This weekend is Saturday the 18th and Sunday the 19th of January, beginning the Second Week of Ordinary Time.

Over the last week, the first of what we call “ordinary time”, we have looked at the ordinary and the extraordinary:  We have seen people called by Jesus to be disciples – simple fishermen who became leaders of the early church; we have seen a regular “ordinary day” in the life of Jesus – which includes healing miracles and huge crowds seeking him out; we have heard the ordinary men and women in the Christian community called “partners of Christ” and “crowned with glory and honour”.   Did you notice at all how paradoxical those things were?  Did they seem at all strange to you, or were you at ease with them?

One way of reconciling these paradoxes – it’s just a suggestion – is this: that the difference between the ordinary and the extraordinary is just a matter of recognition, that there is no person, no place, no situation that is “ordinary” to those who know how to look.

That question of recognition is at the heart of today’s reading from the Gospel of John.

Imagine a young woman – who’s been through a series of relationships that didn’t last – finally meeting someone she wants to spend the rest of her life with, and confiding to her best friend, “I think this is the one.”  Funnily enough, the words John the Baptist uses about Jesus here are pretty much the same – “This is He”, “This is The One”.  Whilst the context is a little different, can you hear in John the Baptist’s words that same sense of recognition, of recognising this is the one we were waiting for, this is the one who will not disappoint?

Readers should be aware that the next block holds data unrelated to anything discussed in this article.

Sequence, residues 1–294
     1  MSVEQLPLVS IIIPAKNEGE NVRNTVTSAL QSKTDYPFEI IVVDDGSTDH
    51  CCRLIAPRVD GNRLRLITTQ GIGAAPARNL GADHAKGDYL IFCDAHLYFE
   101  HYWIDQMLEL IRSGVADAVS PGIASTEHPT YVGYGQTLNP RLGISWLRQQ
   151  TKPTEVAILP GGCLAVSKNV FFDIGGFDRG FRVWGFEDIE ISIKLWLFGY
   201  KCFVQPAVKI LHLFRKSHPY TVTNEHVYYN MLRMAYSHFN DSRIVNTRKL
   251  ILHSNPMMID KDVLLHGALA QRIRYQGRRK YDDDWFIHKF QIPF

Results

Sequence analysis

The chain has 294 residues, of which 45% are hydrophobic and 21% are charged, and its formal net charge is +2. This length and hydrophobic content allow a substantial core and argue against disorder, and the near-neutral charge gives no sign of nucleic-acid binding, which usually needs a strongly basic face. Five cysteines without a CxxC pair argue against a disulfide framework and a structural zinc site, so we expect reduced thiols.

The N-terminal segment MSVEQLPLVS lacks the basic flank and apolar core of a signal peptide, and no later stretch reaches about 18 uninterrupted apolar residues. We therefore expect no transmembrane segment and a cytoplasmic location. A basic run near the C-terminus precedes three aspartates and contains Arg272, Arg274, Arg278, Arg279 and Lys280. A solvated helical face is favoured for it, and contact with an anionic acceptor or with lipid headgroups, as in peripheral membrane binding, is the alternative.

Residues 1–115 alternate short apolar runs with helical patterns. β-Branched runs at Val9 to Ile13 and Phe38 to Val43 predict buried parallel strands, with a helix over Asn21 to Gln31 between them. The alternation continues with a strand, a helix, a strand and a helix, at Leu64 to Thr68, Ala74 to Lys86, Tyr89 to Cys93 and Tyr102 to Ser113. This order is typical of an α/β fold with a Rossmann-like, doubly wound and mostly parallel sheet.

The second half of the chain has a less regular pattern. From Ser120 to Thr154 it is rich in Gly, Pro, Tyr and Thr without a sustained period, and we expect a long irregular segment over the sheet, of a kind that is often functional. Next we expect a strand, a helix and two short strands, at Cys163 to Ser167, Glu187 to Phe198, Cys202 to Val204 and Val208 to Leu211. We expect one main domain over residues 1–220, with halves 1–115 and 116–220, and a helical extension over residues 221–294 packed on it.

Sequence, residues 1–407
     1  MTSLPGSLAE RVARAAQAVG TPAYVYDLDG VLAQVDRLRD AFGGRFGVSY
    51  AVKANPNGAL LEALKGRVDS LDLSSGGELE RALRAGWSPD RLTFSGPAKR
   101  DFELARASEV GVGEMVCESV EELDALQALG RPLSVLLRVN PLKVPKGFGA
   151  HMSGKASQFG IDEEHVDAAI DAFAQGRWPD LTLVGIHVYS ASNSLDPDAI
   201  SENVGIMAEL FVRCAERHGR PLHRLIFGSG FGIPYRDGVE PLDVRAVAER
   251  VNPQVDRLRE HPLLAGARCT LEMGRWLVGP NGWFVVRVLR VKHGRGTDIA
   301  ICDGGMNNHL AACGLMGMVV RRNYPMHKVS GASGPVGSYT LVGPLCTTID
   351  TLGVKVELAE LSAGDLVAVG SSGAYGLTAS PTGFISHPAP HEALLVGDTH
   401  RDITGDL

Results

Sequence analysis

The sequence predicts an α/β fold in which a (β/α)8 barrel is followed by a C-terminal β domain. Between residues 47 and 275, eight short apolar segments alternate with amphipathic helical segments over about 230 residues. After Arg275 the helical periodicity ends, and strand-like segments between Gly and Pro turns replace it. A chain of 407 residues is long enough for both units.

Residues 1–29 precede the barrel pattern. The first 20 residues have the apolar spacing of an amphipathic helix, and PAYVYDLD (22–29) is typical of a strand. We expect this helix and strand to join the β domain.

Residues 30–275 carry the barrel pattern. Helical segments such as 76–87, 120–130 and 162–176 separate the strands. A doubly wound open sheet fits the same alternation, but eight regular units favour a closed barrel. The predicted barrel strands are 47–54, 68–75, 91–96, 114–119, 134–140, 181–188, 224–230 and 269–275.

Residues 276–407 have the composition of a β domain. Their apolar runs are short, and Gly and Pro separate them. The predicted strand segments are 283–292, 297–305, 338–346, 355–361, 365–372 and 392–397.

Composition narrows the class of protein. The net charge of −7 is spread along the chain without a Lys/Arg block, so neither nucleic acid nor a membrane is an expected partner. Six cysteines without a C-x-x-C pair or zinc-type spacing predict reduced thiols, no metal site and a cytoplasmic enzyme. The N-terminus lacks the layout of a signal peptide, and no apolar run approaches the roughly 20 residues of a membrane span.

Can you imagine yourself saying the same words about Jesus: “This is The One”?  Do you have that same sense of recognition, of recognising Jesus as the one you’ve been waiting for, longing for? – the one who offers you real fulfilment, the one who will not let you down?

There’s another kind of recognition, too – another way of recognising Jesus that might also be important – in what ways do you recognise where Jesus is present in the world around you today?   Can you hear his voice calling to you?  Can you see his face in the faces of the people around you – especially those who are suffering or in need?

As you hear the reading a second time, remember that John  is not talking to himself here.  There are people listening to him as he speaks about Jesus.    Can you imagine who those people are?  - and the effect that John’s words have on them?

“I myself have seen and have testified that this is the Son of God”.  The Son of God – the Jesus that John speaks of – is present here now.  Talk to him freely about what your feelings are towards him, and any desire you have to do what John does and share those feelings with the people around you.